President Yoon Suk-yeol officially reversed the nuclear phase-out policy of his predecessor, former President Moon Jae-in, in a bid to resolve the controversy that is closely linked to electricity rates. Unfortunately, the dispute is flaring up again.
Shortly after the Moon administration was launched in 2017, the National Planning Committee was mapping out major policy plans, one of which was to phase out the country’s nuclear power plants.
The plan itself was fraught with uncertainty and risks, given that South Korea operates two dozen nuclear reactors, with their combined share of electricity generation standing at some 30 percent.
At the time, the Ministry of Trade, Industry and Energy submitted two reports to the National Planning Committee, saying that a nuclear phase-out would lead to a 40 percent increase in electricity rates by 2030, according to a report by a local media outlet.
In detail, the ministry’s reports projected that the nation’s total electricity bills would soar to over 75 trillion won ($60 billion) in 2030, up from 55 trillion won in 2016. They said that between 2018 and 2030 the total additional electricity charges incurred would reach a whopping 140 trillion won.
The members of the National Planning Committee reportedly ignored these warnings, expressing their displeasure at the reports, which were a significant dissenting voice to be taken seriously.
After silencing an objective projection within the government, the Moon administration pushed for the nuclear phase-out plan aggressively, as if shutting down nuclear power plants and forcing companies to use renewable energy would solve the fundamental energy problem in its push toward carbon neutrality.
As critics predicted, the nuclear phase-out plan did not work and the result was the need to drastically raise electricity charges to cover snowballing losses at the Korea Electric Power Corp., or Kepco, the state-run power firm.
After all, South Korea’s energy industry depends heavily on nuclear power, the cost competitiveness of which remains much higher than those of renewable sources such as solar and wind power.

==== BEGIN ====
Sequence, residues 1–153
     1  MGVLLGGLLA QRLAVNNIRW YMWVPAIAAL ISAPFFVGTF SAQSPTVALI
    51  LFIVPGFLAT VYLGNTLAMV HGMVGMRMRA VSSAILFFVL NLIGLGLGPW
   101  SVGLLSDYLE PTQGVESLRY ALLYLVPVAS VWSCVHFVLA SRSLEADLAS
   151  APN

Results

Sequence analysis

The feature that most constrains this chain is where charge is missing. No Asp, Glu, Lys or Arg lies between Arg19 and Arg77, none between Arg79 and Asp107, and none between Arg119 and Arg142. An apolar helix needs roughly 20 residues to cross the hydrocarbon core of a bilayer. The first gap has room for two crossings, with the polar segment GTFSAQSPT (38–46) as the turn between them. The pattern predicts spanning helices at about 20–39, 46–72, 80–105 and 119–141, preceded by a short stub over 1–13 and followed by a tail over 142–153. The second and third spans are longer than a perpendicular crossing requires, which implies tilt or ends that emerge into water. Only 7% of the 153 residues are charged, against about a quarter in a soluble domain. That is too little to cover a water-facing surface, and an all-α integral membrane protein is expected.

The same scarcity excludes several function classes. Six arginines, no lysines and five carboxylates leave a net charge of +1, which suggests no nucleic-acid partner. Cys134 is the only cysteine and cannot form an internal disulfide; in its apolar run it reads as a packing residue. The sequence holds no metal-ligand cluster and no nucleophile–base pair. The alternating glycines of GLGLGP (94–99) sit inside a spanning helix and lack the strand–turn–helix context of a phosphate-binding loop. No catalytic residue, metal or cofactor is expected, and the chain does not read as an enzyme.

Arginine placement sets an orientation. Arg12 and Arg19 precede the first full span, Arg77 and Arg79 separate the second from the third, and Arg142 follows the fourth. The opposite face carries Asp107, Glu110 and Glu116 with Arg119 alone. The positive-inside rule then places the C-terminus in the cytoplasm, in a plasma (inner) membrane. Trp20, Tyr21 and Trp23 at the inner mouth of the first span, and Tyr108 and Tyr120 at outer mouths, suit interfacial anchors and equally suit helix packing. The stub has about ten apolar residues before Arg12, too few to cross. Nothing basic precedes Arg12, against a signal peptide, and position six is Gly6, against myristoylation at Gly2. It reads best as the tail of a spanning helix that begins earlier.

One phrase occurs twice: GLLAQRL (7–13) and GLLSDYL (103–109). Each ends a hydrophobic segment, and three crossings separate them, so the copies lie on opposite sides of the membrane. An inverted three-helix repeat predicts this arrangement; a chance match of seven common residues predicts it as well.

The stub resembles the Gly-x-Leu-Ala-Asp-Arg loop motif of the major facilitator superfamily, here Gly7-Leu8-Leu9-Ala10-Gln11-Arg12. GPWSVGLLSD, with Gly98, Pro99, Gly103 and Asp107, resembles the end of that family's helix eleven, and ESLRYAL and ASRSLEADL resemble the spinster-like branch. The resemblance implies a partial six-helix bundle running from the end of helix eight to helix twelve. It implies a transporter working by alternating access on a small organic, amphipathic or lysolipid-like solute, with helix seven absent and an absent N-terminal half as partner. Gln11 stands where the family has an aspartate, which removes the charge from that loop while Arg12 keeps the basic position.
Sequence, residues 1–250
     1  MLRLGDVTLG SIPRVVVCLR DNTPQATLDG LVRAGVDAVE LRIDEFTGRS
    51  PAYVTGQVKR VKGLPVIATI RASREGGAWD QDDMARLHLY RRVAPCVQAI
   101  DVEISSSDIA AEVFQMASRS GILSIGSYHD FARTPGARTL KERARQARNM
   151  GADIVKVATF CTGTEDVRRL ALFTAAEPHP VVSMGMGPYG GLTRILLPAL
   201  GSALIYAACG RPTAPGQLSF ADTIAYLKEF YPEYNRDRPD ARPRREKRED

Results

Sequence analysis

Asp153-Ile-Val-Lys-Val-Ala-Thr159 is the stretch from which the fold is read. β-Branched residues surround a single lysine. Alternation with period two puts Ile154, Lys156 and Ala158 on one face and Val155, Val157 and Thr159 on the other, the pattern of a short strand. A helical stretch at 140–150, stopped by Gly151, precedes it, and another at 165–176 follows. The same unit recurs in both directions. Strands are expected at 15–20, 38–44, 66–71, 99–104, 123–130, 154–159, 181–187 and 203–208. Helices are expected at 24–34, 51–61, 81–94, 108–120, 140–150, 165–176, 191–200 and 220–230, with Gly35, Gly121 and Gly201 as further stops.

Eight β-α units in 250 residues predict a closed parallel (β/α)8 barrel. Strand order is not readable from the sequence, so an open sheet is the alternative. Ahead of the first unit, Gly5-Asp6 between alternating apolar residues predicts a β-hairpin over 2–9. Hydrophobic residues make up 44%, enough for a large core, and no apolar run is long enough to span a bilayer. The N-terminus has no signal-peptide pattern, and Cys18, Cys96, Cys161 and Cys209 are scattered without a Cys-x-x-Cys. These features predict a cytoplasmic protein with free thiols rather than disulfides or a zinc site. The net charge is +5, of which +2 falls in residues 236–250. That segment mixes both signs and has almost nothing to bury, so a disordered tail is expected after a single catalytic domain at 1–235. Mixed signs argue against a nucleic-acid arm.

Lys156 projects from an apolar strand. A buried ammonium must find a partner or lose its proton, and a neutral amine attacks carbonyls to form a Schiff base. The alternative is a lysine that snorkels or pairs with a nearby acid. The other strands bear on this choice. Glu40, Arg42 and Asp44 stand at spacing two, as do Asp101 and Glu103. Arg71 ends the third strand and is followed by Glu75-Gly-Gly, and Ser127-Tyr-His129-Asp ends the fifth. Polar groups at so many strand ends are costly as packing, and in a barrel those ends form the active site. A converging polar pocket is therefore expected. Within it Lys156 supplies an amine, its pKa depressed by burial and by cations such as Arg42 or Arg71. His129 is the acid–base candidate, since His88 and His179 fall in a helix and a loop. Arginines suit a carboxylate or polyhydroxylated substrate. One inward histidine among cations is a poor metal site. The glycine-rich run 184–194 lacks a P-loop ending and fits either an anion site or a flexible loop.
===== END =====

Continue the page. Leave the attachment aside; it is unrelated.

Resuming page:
The efficiency and economic scale of renewable energy and related technologies were improving, but the pace of progress was too slow to justify a massive shift from nuclear power generation to renewables.
The Moon administration not only ignored the apparent flaws pointed out by the two reports from the Trade Ministry, but also artificially rejected the much-needed electricity rate hike requests from Kepco in order to cover up the festering problem.
The timing could not be worse. As global energy prices continued to rise, Kepco’s balance sheet worsened. Its cumulative debt jumped by 34 trillion won during the Moon administration. In the first quarter of this year, Kepco’s loss came in at 7.8 trillion won, spooking investors both at home and abroad.
While the need for raising electricity rates was put on the backburner, Moon promoted his clean energy policy, pledging to slash Korea’s greenhouse gas emissions by 40 percent from the 2018 levels by 2030 and achieve carbon neutrality by 2050.
The goal was lofty, but the methods that Moon said he would deploy were shaky at best and utterly unrealistic at worst. He drew up a plan to create a hydrogen economy, even though he was shutting down nuclear power plants, which could be optimized for producing hydrogen.
The Moon administration also claimed that it would secure enough electricity by importing it from China and Russia, which was another unrealistic plan.
The dispute over the deliberate move to silence a dissenting voice should be taken as a bitter lesson to ponder for President Yoon Suk-yeol and policymakers of the current administration to avoid repeating the same policy mistakes.
By Korea Herald (email@example.com